Coverage questions arise when damage is found
Although the failure to disclose occurred while
the seller was the insured owner of the property,
the court agreed with the insurance company that failure
to disclose in itself does not constitute an
“occurrence” that would trigger coverage for property damage liability.
By Joseph S. Harrington, CPCU
If you or one of your clients is looking to sell a home, a recent court ruling in Alabama should remind you of a potential pitfall.
In that case, a U.S. district court held that an insured under a homeowners policy may have no defense costs coverage for a claim alleging that the policyholder failed to disclose a termite infestation before selling the insured home. Physical damage by the termites occurred or was discovered after ownership had passed to the buyer.
Although the failure to disclose occurred while the seller was the insured owner of the property, the court agreed with the insurance company that failure to disclose in itself does not constitute an “occurrence” that would trigger coverage for property damage liability. In other words, the damage did not result from the failure to provide notice, but from termite activity.
Under that reasoning, the court concluded that the allegation against the defendant had not been established as a covered claim. Hence, the insurer was not bound to provide coverage for defense costs, at least not yet. (The case is still under consideration, and the insurer may ultimately be liable for the costs of defense and indemnity if the trial determines that the allegation is a covered claim.)
Like most cases involving sales of real property, this recent case centers on the degree to which property owners are responsible for identifying and disclosing defects or impending damage before completing a sale.
While it is illegal in every state to conceal known defects or otherwise mislead buyers, the extent of the duty to investigate for potential defects varies among jurisdictions. In Illinois, to cite one example, home sellers are required to provide buyers with a state-mandated checklist indicating whether certain common defects are present and describing those that are present.
The ruling in Alabama follows a prevailing trend in holding that, in the absence of specific statutory or contractual obligations, failure to disclose property conditions fully or accurately creates an economic loss not covered by general liability insurance. That approach is not universal, however. Some courts have found that undiscovered conditions that later cause physical damage (water leaks, for example) may constitute property damage for the purpose of liability insurance coverage.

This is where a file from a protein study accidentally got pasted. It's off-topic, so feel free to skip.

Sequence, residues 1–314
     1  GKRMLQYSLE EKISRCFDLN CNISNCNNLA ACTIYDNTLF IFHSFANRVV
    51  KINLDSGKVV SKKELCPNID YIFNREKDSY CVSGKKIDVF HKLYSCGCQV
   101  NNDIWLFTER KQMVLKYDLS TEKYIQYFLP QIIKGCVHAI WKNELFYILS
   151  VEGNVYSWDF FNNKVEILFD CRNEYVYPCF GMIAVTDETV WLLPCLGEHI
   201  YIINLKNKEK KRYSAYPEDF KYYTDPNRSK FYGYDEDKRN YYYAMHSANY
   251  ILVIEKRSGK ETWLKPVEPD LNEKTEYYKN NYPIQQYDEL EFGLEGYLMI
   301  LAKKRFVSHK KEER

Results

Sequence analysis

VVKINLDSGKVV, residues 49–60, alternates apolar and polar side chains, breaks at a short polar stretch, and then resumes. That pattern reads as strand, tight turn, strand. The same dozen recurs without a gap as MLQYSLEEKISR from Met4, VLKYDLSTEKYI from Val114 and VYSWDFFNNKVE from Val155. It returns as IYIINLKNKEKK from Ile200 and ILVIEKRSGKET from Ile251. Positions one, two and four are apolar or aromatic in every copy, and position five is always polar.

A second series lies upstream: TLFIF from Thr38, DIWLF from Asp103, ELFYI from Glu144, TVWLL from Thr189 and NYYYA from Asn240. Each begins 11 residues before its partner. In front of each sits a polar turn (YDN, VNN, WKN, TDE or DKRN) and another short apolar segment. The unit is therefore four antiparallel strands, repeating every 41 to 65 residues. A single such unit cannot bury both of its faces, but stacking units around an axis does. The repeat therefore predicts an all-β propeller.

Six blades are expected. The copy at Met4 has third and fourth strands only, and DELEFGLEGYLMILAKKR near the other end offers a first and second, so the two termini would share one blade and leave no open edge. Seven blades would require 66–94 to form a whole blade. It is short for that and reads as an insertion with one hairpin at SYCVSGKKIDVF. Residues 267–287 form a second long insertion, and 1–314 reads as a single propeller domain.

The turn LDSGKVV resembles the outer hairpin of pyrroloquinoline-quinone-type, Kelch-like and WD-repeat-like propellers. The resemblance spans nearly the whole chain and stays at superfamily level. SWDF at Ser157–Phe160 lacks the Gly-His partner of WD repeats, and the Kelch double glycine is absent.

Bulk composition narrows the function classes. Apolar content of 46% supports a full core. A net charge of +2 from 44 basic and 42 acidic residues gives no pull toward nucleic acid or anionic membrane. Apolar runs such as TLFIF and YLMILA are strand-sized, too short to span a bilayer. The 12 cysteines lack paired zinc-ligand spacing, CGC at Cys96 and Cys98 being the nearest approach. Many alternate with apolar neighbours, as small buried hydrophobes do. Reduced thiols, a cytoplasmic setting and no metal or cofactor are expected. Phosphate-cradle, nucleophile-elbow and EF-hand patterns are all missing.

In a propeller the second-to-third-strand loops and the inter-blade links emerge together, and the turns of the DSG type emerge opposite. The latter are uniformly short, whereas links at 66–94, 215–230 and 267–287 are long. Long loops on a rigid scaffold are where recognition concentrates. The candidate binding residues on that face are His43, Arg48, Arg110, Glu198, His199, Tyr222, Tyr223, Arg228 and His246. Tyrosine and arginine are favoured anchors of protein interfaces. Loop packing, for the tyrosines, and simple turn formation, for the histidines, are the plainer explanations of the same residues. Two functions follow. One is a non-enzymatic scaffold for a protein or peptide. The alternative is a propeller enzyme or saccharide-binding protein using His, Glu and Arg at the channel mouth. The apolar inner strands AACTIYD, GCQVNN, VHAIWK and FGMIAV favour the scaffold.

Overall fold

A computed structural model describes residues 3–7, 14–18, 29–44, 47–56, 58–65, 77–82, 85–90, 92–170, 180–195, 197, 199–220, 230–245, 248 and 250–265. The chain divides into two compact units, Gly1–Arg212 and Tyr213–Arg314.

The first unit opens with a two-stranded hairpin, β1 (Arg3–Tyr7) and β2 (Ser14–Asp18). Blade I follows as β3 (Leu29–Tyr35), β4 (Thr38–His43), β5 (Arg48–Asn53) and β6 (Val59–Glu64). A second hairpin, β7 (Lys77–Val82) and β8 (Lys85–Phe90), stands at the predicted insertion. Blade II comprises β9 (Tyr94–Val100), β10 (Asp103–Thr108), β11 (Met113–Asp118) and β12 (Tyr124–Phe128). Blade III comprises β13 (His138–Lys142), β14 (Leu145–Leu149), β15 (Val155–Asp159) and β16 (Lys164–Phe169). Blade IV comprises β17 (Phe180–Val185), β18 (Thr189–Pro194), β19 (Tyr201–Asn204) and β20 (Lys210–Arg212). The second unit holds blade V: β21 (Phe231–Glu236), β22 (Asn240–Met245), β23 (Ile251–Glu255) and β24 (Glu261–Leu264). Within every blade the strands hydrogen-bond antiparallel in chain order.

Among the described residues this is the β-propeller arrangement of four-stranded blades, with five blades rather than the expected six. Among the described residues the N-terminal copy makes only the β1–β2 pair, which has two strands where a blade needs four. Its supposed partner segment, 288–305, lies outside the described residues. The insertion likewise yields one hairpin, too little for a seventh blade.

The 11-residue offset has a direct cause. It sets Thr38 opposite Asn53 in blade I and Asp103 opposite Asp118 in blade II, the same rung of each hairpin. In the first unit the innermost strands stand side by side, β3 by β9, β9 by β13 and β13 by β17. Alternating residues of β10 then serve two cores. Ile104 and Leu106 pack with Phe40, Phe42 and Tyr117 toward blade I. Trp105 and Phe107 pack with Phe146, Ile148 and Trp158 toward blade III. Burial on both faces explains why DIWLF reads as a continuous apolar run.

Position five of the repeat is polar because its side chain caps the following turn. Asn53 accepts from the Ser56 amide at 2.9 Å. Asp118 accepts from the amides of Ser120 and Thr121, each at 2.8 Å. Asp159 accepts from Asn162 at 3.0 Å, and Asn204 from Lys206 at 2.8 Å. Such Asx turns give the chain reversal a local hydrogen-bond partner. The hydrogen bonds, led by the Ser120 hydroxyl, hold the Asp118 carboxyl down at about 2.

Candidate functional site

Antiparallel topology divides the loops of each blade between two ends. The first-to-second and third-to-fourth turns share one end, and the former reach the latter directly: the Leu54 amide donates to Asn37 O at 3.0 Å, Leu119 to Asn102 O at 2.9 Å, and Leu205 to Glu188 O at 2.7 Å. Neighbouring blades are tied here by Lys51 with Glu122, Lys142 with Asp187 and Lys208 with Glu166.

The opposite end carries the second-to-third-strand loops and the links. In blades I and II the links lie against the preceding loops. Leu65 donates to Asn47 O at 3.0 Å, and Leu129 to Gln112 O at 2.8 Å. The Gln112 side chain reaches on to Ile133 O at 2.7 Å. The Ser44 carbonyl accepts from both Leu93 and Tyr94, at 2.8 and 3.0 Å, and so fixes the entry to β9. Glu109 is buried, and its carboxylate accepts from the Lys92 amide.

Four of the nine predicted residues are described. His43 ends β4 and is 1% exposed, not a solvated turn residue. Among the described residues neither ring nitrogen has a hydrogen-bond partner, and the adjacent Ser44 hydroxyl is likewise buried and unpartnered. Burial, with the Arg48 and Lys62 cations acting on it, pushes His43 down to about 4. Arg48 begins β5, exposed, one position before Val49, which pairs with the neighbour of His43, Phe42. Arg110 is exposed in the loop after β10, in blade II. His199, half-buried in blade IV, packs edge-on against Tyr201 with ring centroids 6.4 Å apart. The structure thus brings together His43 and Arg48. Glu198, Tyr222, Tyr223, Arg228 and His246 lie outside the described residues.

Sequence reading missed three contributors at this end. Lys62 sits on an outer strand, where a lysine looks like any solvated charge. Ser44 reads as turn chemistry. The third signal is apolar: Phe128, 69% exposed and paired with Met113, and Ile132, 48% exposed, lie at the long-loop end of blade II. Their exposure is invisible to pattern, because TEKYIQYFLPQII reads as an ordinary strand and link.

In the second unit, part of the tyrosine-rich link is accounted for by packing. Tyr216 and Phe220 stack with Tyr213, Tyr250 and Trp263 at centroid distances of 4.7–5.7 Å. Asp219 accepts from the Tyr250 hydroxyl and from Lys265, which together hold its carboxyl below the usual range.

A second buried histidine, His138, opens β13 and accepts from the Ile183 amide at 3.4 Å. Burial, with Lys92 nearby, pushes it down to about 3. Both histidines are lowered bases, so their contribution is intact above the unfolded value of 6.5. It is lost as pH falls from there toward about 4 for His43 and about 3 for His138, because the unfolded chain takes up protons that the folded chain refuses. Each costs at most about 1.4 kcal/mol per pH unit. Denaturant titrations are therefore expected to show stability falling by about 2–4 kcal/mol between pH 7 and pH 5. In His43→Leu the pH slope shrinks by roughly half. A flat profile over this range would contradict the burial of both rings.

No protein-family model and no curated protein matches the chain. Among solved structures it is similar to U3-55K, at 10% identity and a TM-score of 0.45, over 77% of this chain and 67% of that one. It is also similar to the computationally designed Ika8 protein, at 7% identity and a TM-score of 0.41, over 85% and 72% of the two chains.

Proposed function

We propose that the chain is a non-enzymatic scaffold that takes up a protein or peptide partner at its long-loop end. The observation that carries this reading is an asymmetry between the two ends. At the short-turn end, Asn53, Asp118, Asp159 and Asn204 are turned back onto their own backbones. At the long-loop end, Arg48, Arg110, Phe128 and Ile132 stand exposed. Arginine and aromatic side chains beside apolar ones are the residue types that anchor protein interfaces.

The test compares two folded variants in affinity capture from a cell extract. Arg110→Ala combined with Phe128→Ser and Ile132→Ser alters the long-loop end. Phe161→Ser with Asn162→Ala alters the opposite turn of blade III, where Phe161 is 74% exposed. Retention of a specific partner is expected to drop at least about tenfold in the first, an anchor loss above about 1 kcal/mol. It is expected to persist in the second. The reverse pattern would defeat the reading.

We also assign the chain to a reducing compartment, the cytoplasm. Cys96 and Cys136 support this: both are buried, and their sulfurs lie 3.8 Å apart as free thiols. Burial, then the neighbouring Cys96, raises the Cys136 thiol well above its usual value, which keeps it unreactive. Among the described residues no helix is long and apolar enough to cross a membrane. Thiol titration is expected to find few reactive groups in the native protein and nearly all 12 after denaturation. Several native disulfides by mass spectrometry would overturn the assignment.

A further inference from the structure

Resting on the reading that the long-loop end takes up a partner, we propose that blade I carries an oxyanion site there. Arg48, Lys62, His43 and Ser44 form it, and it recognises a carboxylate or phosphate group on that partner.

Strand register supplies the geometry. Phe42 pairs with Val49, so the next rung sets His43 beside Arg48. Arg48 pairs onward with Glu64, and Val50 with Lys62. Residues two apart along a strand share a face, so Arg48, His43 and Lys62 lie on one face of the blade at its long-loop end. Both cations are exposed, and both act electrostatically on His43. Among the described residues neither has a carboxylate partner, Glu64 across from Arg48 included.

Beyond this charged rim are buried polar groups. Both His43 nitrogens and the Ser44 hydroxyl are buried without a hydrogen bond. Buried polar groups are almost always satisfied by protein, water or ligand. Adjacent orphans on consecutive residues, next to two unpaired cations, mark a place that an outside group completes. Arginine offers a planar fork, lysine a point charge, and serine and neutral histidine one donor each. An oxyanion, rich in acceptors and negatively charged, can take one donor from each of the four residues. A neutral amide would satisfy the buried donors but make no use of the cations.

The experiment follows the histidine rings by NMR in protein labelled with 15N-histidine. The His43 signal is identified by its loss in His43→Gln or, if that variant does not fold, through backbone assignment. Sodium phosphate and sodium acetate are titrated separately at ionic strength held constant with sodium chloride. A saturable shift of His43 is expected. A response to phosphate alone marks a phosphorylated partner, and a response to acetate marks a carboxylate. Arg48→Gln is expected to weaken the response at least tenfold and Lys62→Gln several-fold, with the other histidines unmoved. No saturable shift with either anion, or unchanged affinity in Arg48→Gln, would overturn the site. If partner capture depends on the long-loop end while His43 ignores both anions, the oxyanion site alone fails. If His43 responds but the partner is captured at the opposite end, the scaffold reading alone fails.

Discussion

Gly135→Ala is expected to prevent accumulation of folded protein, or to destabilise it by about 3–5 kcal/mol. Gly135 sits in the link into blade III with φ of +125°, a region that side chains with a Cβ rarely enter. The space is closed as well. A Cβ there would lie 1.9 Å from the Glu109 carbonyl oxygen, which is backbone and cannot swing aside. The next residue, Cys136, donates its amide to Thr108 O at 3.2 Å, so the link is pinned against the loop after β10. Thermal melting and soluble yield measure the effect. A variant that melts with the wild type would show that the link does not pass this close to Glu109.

Under the latter approach, there are various legal doctrines for determining the timing of the occurrence and, therefore, which policy should respond.
Under the “exposure” and “injury in fact” doctrines, an occurrence is deemed to have taken place when the property is first exposed to damage or when damage actually occurs; coverage is triggered under the liability policies in place at those times. Under the “manifestation rule,” the occurrence is determined to be at the time the damage first becomes apparent; coverage falls to the policy then in effect.
“Double,” “triple,” or “continuous” trigger rules respond to combinations of the triggers described above, potentially increasing the number of policies that may be called to respond to a claim.
In rare circumstances, a home seller may be able to claim first-party property coverage for damage to a home it has sold.
Property insurance is not considered to have much of a “tail;” i.e., a period when a loss has occurred but the existence or extent of is not fully known. Nonetheless, it is theoretically possible to claim building property coverage for damage to a dwelling one has sold and no longer insures.
For that to happen, however, several conditions need to be in place:
- A covered peril must be the proximate cause of the damage;
- The damage cannot be subject to another exclusion (insects, infestations, etc.);
- The damage has to have occurred during a period when the seller had coverage in effect;
- For vandalism-related losses, the dwelling cannot have been vacant for more than the time specified in the policy (typically 60 days);
- The damage must be reported within the time period specified in the policy; and
- Legal action by the insured must be initiated within the time period specified in the policy (typically two years after the date of the loss).
In short, the only possibility for first-party coverage for damage to a residence that’s been sold is if the damage is discovered shortly after the sale and the seller can establish that it resulted from a covered peril during the policy period.
Home sellers and their risk counselors need to be aware that, in most cases, they cannot rely on their homeowners insurance to compensate them for damage discovered after a home is sold. Caveat venditor. Seller beware.
Joseph S. Harrington, CPCU, is an independent business writer specializing in property and casualty insurance coverages and operations. For 21 years, Joe was the communications director for the American Association of Insurance Services (AAIS), a P-C advisory organization. Prior to that, Joe worked in journalism and as a reporter and editor in financial services.